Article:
In addition to being, at a relatively young age, an icon in both the music world and the, uh, Philadelphia world, Ahmir “?uestlove” Thompson is, of course, a witty raconteur. (Fans of his Twitter feed know this well.) So it makes sense that he’d eventually get around to producing a book. To that end, say hello to Mo’ Meta Blues: The World According To Questlove, a memoir mash-up ghostwritten with New Yorker editor Ben Greenman, set to come out this June, Milton-Glaser-hijacked cover and all:
Mo’ Meta Blues is a punch-drunk memoir in which Everyone’s Favorite Questlove tells his own story while tackling some of the lates, the greats, the fakes, the philosophers, the heavyweights, and the true originals of the music world. He digs deep into the album cuts of his life, as well as pivotal moments in black art, hip hop, and culture.
Ahmir “Questlove” Thompson is many things: virtuoso drummer, producer, arranger, Late Night with Jimmy Fallon bandleader, DJ, composer, and tireless Tweeter. He is one of our most ubiquitous cultural tastemakers, and in this, his first book, he reveals his own formative experiences-from growing up in 1970’s West Philly as the son of a 1950’s doo-wop singer, to finding his own way though the music world and ultimately co-founding and rising up with The Roots, aka, the last hip hop band on Earth. The book also has some (many) random (and not) musings about the state of hip hop, the state of music criticism, the state of statements, as well as a plethora of run-ins with celebrities, idols and fellow artists, from Stevie Wonder to KISS to D’Angelo to Jay-Z to Dave Chappelle to…you ever seen Prince rollerskate?!?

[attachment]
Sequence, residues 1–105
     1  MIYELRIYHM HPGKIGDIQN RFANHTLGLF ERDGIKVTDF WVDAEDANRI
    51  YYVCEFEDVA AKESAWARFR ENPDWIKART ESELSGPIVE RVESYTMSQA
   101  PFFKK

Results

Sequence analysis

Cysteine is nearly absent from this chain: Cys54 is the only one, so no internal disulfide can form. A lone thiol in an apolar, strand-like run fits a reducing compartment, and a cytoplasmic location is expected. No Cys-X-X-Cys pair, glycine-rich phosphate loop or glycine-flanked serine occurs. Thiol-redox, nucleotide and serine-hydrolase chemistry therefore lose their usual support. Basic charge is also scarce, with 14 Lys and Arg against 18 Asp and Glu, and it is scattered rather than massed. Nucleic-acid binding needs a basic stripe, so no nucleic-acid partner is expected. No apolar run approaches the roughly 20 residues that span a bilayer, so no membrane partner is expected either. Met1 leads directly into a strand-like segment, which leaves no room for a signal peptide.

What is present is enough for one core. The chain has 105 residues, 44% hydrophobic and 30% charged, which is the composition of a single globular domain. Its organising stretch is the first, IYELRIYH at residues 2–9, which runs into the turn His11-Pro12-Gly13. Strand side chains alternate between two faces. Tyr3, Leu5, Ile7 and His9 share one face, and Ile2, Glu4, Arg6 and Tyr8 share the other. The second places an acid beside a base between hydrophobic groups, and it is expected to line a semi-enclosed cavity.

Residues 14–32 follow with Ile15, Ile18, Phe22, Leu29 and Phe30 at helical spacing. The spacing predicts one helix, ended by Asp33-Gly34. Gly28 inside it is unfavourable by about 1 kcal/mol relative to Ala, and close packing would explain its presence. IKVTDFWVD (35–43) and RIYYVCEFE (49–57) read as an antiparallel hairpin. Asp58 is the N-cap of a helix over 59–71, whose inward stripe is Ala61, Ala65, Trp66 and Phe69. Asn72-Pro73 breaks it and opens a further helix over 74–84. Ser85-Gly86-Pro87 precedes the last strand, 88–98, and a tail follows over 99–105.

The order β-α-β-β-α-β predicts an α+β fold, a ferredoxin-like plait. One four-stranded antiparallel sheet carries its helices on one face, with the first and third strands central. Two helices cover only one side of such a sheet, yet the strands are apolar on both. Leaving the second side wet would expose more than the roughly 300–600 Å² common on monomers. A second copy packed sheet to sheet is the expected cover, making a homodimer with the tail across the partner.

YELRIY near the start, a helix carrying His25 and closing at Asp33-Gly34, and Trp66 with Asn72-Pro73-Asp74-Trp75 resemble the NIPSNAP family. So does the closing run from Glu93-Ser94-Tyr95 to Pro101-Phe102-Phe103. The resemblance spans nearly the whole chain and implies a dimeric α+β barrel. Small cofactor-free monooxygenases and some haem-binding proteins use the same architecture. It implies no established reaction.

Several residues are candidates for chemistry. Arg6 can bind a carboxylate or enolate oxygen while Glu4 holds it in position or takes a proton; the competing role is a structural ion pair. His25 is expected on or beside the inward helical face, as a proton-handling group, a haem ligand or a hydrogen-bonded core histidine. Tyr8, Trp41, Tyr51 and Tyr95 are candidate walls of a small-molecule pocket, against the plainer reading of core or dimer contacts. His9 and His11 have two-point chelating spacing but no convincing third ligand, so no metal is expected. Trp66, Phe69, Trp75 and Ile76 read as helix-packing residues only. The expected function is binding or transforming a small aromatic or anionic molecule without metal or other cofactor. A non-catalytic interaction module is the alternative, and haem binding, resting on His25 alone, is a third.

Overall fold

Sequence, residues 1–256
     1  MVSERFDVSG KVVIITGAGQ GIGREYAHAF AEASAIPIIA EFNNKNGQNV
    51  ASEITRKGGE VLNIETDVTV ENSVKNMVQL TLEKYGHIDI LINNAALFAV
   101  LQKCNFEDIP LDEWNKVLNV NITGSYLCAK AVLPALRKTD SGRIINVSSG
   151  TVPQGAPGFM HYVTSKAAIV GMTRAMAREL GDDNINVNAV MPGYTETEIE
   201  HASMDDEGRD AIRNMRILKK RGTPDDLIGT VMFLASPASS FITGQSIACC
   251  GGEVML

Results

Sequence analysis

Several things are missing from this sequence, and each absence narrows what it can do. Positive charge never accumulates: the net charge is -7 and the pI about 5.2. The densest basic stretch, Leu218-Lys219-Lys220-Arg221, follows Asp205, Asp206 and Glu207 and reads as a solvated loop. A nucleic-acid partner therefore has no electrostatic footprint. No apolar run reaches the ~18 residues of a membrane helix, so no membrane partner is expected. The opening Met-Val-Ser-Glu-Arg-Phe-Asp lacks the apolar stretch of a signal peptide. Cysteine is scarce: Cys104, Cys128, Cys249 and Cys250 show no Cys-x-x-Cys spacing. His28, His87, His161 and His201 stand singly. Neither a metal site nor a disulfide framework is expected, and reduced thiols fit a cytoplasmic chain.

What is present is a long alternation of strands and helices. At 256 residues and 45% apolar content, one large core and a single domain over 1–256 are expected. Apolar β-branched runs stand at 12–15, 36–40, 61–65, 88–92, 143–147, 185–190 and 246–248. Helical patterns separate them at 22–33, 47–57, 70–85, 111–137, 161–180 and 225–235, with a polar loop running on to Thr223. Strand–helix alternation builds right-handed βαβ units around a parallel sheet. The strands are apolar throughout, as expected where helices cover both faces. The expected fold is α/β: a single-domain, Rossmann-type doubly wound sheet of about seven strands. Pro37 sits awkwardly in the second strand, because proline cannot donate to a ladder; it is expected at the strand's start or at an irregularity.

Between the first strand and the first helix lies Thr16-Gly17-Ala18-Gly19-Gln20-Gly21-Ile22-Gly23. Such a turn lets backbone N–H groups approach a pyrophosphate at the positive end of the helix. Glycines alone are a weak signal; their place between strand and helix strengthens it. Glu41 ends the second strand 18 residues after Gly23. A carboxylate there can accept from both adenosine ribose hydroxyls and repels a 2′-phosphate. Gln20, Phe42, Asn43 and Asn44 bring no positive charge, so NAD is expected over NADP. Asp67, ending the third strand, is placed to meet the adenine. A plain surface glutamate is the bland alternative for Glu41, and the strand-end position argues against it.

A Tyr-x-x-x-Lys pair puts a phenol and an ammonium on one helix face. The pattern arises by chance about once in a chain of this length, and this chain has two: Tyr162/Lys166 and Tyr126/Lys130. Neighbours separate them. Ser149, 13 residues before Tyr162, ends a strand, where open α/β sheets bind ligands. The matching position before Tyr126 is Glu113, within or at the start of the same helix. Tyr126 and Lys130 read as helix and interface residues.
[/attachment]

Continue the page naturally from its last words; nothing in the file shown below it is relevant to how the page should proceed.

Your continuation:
But Mo’ Meta Blues isn’t just a memoir. It’s a dialogue about the nature of memoir. It’s a book that questions what a book like Mo’ Meta Blues really is. It’s a one-of-a-kind publication by a one-of-a-kind mind.
It’s a record that keeps going around and around.
No word just yet on book tours, pop-up editions, audiobooks or anything else, but we’ll be sure let you know when we hear.